11 Sep 2011

New Social Network ‘FaceGlat’ Caters To Orthodox Jews, Separates Men And Women



A new social network called FaceGlat launched in Israel last month to give Orthodox Jews a Facebook-like experience that’s catered specifically to their religion. The network has many of the same basic features as Facebook — users can chat online, share pictures and add friends — but here’s the thing: men and women are strictly separated like they would be in a synagogue.
FaceGlat was developed by Yaakov Swisa, a 25-year-old Hasidic man, who derived the name from 2 words: Facebook, the social network it’s modeled after, and “glatt,” which means highly kosher. He developed the idea after a friend expressed interest about a social network where genders would be kept separate. Swisa explains:
One day, a couple of friends paid me a visit, and while we were chatting, the young woman said it was a pity that there was no website where she could share pictures with her female friends without other people being able to see them. We started thinking about a religious social network, where there would be no indecent pictures, and which would guarantee that men could not see photos posted by women, and vice versa.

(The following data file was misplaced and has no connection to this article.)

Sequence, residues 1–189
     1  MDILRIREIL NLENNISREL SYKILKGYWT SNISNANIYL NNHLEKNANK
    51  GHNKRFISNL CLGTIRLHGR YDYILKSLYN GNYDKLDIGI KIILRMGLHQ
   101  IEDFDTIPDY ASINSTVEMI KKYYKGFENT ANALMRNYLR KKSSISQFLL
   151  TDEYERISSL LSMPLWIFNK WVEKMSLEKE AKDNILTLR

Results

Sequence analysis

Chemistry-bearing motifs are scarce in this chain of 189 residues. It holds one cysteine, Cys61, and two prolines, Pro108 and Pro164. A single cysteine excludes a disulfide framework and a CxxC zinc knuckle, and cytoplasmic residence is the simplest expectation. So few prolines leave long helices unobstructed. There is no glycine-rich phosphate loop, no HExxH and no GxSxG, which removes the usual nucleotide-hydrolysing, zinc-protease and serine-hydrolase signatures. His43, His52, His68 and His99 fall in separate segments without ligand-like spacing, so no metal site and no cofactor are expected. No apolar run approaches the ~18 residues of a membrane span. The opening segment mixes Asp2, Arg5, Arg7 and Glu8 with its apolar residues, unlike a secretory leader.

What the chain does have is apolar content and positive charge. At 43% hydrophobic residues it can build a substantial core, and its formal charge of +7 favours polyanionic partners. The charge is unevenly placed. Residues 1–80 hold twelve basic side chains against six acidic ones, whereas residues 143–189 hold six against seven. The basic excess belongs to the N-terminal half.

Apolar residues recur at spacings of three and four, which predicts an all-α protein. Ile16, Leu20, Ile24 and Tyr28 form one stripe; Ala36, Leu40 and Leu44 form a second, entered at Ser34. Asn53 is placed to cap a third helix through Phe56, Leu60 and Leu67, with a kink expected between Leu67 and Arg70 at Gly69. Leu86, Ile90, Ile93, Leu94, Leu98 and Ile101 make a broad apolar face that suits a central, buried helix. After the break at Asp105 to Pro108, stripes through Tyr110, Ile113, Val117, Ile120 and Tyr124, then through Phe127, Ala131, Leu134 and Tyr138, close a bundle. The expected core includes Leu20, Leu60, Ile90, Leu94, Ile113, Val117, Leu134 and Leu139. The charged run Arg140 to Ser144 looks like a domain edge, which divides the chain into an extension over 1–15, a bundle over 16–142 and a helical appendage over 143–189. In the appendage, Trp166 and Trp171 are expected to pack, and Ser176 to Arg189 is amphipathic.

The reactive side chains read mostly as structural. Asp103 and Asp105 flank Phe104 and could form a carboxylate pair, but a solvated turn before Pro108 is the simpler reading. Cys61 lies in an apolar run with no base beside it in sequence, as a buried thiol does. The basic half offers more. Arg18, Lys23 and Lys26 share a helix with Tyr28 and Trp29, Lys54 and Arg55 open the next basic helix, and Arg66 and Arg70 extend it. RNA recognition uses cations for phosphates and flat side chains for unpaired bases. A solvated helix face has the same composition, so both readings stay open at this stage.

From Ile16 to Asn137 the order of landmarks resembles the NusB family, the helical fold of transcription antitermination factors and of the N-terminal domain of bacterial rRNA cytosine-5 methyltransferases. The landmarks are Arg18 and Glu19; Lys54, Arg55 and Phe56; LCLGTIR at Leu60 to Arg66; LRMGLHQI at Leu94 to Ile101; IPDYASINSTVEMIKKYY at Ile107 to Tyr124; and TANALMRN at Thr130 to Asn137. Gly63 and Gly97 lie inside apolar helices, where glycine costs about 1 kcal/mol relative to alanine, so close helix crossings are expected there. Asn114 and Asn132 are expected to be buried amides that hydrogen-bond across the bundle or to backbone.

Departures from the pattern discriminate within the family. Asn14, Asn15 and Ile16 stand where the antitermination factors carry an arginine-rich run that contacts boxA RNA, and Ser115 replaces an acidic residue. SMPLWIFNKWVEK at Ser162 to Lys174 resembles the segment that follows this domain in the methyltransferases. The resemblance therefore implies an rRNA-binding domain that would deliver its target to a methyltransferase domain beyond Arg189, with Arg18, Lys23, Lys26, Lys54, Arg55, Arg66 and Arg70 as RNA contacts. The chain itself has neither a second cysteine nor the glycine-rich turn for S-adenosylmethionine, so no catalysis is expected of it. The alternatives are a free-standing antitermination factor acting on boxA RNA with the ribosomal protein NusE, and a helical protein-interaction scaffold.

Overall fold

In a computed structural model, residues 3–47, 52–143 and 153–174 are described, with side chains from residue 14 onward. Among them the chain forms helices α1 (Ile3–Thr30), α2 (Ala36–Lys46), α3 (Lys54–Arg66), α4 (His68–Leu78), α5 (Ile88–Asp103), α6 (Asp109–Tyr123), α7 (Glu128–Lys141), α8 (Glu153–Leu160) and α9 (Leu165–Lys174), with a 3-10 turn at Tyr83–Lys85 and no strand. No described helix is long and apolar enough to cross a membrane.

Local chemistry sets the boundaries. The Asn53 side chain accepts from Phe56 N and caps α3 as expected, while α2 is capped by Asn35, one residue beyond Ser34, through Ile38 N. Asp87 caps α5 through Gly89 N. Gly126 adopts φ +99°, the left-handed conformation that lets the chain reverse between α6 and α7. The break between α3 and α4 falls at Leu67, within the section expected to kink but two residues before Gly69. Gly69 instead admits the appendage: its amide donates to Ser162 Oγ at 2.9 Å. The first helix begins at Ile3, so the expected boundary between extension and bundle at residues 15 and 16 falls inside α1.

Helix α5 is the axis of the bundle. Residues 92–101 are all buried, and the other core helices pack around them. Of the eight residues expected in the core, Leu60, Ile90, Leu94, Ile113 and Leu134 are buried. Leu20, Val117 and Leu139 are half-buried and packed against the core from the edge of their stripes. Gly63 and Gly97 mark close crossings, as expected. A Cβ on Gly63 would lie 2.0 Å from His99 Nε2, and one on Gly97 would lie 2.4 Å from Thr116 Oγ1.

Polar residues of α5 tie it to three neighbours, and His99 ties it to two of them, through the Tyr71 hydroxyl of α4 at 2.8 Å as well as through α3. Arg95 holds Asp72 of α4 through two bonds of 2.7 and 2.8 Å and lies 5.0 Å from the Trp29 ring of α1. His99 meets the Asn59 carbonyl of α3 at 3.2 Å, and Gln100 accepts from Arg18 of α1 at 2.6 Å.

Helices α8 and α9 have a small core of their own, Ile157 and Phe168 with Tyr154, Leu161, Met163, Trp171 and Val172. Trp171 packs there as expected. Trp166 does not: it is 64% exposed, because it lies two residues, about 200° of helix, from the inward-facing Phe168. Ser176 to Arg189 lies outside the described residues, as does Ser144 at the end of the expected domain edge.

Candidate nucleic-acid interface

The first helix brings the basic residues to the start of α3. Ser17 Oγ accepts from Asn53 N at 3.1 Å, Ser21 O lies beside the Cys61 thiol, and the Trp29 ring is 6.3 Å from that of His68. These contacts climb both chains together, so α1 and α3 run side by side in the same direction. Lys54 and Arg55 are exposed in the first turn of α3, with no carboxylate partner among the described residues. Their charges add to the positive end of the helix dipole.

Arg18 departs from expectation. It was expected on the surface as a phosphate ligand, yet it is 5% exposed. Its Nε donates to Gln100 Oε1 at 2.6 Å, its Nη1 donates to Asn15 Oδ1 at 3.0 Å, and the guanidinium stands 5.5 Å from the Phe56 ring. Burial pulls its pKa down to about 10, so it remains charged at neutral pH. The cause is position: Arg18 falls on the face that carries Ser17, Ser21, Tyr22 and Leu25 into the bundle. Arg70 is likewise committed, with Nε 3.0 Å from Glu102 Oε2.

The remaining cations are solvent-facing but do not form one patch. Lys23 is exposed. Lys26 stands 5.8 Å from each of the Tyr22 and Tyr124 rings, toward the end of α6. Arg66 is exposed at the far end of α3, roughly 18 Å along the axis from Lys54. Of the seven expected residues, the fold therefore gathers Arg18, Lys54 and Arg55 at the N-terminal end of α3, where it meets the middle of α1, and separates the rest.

He created the social network 6 months later with skills he taught himself on his family computer.
The social network doesn’t just separate men and women, but it also has strict rules against profanity and indecent pictures. FaceGlat uses a program that tracks and deletes inappropriate words, and users who post indecent photos (like photos of men in the section for women or photos of women in the section for men) are banned from the site. In the future Swisa hopes to buy a program that can automatically delete pictures that show too much skin. Perhaps Swisa should hire a team to develop the program?
Worldcrunch reports that while the website is new, it has already garnered 2,000 users and about 100 accounts are created each week. Swisa describes his user base to be mostly men from Israel, but 15 percent of users live in Russia.
At the time of this writing, the social network is available in English and Hebrew, but Swisa plans to translate it to Russian and French in the coming weeks. He also plans to advertise on orthodox forums and Facebook Pages of religious singers.

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